Monday, April 10, 2006

The Church of Scotland and the Need for Church Discipline

Evangelicals in the Church of Scotland are circulating this statement to protest their upcoming General Assembly's desire to allow ministers to bless same-sex unions. A number of prominent ministers, both within and outside of the Church, have added their names to this statement in order to give greater weight to the protest. [It should be noted that this will be a major issue at the oldine Presbyterian Church (USA)'s General Assembly in Birmingham, Alabama, this summer as well.]

It is striking, though, to read Carl Trueman's comments about the failed strategy of older evangelicals in the Church of Scotland that paved the way for these events. According to Trueman, evangelical ministers essentially bargined with the liberal denomination leaders--we won't protest your moves ecclesiastically, if you will leave us alone in our congregations to preach the Gospel. But now, there is too much ground given away--the failure of the church's courts to bring discipline against those with aberrant theology and the failure of evangelicals to bring those courts to task, all in the name of peace, has led to this current crisis.

The reason this catches my attention is that I have an essay coming in this spring's Journal of Presbyterian History, entitled, "'Our Church Will Be On Trial': W. M. McPheeters and the Beginnings of Conservative Dissent in the PCUS." It focuses on the efforts of McPheeters, an elderly OT professor at Columbia Theological Seminary, to bring two progressive leaders to bar in the old Southern Presbyterian Church in the late 1920s. The failure of the church to heed McPheeters and discipline those two leaders allowed progressives to feel safe in their theological positions. It also proved to be the beginning point of a conservative coalition in the PCUS that would lead to the founding of the Southern Presbyterian Journal and eventually, in 1973, the Presbyterian Church in America.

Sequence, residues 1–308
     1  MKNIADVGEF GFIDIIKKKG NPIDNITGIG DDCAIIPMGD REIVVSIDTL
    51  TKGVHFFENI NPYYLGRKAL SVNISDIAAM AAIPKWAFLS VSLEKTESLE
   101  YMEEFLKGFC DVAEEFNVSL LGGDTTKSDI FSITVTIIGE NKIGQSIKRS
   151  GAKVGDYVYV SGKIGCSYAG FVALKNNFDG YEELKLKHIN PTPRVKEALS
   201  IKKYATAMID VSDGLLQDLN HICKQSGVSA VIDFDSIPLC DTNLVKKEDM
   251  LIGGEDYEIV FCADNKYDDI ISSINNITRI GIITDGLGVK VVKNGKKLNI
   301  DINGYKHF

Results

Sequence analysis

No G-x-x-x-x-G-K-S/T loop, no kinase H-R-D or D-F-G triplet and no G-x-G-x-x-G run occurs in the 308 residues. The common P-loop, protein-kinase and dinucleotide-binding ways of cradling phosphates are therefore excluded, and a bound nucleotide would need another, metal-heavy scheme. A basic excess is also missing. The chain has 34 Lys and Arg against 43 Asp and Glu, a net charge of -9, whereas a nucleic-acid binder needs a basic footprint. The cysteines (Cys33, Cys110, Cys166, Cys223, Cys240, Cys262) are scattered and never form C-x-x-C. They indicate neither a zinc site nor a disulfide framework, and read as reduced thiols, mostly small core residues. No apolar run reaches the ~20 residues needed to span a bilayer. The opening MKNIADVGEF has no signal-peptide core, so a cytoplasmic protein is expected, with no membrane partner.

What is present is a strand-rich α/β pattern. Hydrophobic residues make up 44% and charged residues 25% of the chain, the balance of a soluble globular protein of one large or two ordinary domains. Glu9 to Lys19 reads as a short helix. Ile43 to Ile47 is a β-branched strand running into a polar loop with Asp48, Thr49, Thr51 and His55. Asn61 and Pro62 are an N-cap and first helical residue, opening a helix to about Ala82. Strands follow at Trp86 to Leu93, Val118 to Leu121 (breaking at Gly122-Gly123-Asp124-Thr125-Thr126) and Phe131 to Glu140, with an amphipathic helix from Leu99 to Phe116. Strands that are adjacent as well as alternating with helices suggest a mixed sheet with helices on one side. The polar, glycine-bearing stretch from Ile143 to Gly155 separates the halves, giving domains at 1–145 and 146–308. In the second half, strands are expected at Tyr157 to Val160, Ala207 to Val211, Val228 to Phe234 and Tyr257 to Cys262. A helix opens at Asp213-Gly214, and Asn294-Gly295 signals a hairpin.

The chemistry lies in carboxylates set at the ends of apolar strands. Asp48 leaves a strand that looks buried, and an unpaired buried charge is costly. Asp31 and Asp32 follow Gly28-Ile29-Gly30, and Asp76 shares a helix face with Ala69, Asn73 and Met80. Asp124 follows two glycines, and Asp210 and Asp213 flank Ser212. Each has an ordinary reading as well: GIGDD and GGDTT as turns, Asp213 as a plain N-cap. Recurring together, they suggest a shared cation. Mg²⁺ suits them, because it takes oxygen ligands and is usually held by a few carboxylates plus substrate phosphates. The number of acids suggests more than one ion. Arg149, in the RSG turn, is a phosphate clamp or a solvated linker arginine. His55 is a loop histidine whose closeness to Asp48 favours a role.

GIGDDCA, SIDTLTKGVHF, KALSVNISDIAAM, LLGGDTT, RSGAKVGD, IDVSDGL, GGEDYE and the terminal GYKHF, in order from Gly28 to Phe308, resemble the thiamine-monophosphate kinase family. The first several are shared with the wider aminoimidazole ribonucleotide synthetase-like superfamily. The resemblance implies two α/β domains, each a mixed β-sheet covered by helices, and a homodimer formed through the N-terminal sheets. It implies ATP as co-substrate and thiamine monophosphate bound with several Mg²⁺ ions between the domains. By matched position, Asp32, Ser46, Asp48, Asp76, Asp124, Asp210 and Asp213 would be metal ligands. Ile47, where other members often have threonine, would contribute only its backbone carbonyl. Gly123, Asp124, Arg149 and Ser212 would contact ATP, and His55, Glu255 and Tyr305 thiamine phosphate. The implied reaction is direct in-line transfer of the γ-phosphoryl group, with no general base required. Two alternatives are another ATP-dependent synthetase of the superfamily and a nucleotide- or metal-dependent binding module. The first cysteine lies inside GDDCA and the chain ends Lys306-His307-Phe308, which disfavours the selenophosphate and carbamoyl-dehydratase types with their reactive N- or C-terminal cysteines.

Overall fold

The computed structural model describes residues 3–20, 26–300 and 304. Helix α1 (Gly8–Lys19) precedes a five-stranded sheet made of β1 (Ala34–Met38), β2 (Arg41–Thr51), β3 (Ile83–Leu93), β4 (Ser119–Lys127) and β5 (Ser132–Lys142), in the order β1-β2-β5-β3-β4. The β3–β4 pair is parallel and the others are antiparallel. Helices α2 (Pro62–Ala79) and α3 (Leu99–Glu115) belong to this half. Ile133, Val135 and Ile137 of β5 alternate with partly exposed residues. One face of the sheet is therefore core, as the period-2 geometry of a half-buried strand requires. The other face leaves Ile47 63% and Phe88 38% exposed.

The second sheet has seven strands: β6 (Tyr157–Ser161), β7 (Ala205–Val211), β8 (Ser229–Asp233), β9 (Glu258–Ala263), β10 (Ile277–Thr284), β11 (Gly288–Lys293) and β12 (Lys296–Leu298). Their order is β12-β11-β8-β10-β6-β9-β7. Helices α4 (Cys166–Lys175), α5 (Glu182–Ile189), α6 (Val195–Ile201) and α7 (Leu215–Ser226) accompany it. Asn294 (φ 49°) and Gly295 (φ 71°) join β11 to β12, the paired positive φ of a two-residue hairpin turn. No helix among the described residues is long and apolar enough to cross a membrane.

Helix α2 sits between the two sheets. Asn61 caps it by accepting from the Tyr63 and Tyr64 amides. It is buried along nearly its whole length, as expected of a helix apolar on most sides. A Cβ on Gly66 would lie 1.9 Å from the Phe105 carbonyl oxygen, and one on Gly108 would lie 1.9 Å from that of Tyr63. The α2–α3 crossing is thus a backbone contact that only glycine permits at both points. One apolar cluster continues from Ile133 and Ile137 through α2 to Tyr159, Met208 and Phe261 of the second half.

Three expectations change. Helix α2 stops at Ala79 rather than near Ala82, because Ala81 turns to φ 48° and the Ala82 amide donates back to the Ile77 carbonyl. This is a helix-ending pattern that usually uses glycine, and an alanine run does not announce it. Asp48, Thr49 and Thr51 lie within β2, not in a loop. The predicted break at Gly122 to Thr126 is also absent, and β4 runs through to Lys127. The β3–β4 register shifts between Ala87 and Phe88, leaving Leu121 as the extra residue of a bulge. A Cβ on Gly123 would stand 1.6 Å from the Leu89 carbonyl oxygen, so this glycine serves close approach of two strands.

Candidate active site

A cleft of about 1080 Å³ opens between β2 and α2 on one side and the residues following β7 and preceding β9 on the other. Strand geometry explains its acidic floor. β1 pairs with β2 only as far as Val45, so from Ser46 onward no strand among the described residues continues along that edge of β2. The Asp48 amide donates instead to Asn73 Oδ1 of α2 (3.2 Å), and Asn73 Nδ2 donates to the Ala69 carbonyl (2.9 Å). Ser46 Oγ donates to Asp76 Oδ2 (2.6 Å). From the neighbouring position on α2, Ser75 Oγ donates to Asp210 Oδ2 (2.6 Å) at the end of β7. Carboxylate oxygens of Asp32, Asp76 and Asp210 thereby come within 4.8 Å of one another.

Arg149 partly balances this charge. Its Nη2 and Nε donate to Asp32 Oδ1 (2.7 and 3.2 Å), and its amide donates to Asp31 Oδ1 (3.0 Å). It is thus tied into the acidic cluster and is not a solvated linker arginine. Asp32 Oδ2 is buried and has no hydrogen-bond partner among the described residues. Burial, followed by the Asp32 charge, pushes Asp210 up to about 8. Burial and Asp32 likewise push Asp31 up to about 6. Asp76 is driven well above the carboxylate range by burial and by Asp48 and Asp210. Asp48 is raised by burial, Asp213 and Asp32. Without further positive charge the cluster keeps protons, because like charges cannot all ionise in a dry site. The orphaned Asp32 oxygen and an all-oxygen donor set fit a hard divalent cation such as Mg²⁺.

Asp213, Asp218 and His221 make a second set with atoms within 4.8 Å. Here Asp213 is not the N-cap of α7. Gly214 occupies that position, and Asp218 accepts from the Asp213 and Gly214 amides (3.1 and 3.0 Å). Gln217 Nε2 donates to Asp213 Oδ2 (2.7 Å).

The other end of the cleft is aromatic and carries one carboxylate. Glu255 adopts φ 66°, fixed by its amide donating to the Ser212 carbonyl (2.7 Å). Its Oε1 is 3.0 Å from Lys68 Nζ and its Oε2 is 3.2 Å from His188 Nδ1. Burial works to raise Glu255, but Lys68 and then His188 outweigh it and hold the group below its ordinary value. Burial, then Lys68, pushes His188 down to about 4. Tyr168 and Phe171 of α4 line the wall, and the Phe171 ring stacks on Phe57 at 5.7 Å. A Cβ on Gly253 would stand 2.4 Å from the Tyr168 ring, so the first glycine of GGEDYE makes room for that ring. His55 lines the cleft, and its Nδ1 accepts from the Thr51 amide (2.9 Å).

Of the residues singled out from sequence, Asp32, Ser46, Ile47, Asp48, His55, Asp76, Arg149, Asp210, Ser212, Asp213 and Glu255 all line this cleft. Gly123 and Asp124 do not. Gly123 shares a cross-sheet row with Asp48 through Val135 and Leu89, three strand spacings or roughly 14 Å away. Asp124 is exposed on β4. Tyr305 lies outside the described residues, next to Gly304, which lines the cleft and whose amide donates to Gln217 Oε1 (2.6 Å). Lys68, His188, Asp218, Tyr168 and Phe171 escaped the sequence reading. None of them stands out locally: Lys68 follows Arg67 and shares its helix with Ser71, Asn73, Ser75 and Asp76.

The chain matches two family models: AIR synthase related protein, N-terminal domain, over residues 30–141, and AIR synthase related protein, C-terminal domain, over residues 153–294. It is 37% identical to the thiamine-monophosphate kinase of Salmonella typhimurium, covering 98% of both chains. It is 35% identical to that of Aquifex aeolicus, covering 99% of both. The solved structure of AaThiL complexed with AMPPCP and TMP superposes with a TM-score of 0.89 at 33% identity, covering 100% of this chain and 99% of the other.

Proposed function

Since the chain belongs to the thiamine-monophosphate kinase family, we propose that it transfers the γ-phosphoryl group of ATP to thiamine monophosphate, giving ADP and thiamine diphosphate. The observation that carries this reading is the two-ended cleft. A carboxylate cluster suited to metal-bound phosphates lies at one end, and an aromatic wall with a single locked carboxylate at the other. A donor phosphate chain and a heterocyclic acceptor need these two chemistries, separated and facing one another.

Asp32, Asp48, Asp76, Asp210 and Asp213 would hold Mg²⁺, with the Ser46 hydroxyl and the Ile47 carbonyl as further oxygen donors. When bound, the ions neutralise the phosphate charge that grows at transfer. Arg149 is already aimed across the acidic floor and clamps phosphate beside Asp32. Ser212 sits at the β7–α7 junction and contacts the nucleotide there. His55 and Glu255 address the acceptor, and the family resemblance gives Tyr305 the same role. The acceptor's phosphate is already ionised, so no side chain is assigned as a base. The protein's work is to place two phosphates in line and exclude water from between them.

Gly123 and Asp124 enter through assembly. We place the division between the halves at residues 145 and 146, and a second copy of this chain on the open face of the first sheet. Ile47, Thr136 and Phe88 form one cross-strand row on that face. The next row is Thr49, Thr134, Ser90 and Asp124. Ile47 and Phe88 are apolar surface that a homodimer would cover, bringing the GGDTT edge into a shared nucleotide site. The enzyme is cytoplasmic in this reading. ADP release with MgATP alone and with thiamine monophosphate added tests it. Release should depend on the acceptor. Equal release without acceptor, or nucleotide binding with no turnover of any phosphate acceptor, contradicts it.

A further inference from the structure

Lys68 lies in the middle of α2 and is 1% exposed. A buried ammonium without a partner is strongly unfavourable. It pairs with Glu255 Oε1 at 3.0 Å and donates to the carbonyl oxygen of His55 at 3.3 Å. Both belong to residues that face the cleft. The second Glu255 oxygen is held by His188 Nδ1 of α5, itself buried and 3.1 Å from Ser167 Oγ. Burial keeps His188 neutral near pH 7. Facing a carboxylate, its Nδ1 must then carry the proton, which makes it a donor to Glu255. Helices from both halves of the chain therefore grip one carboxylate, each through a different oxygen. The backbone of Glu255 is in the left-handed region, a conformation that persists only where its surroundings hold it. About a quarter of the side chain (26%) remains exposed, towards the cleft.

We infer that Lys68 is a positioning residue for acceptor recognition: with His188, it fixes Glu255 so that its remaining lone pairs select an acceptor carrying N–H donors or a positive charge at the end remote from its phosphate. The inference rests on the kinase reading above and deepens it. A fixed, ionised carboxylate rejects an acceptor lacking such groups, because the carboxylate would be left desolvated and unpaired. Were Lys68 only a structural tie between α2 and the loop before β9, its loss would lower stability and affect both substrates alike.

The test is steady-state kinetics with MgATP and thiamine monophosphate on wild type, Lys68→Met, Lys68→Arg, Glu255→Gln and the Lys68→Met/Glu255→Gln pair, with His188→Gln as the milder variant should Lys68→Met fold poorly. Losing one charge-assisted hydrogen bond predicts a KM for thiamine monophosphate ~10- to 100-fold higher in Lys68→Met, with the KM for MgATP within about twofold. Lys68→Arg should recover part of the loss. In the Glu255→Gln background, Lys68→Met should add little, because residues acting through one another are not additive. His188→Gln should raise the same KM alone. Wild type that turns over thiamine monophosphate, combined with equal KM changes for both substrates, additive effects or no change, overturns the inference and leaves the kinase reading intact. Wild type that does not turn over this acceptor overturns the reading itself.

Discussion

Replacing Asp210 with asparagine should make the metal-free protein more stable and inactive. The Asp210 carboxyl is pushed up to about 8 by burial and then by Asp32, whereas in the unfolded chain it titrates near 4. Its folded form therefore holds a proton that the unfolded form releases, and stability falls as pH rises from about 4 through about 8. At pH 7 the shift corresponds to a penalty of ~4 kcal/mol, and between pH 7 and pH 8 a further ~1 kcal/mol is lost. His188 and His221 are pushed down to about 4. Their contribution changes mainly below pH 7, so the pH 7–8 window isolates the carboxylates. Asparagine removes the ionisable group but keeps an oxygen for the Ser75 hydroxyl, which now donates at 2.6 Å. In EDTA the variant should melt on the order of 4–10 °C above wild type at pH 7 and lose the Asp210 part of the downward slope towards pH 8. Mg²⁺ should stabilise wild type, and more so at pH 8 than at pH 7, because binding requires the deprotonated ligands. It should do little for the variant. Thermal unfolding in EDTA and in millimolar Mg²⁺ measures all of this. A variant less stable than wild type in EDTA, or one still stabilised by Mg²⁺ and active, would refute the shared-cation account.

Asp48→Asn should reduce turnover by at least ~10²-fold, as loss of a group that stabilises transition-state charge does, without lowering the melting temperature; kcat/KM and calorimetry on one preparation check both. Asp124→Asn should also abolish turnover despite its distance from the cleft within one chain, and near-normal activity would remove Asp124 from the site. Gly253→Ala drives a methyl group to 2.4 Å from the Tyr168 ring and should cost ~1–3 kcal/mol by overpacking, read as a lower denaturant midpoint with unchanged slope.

All to say, there are hills on which it is worth dying. A church that refuses to discipline itself theologically is a church that will ultimately find itself in similar places to the Church of Scotland or the PC(USA)--a church without a biblical witness to the world.


David Shedden said...

Sean, thanks for your recent post on my blog. Would it be okay for me to email you? You may have read some of my posts about being in the CofS as a candidate at the moment. Also, next year I will be taking up a ThM (taught) scholarship at Princeton Theological Seminary - I hope to pursue my interest in Warfield among other things. I'm sure I could benefit from your own work in 19thC American history. Regards, Dave

Sean Michael Lucas said...

Sure, David. Go to my website ( and use the "contact us" form. Once I have your email address, I'll reply to you from my seminary email address. It'd be good to "talk" about what you are hoping to do! best, sml